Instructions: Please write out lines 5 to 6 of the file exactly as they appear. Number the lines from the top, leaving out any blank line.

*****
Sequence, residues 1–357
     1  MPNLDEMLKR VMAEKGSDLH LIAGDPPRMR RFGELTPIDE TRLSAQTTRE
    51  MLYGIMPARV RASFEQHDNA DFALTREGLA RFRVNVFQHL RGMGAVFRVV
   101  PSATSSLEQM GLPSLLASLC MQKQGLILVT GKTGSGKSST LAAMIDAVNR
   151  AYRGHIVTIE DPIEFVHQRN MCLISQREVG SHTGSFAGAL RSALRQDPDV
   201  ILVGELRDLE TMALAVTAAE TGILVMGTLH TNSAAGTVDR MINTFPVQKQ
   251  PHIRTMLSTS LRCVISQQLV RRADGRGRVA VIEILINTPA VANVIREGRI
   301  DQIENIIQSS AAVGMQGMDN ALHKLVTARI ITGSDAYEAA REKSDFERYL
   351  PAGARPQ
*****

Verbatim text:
   151  AYRGHIVTIE DPIEFVHQRN MCLISQREVG SHTGSFAGAL RSALRQDPDV
   201  ILVGELRDLE TMALAVTAAE TGILVMGTLH TNSAAGTVDR MINTFPVQKQ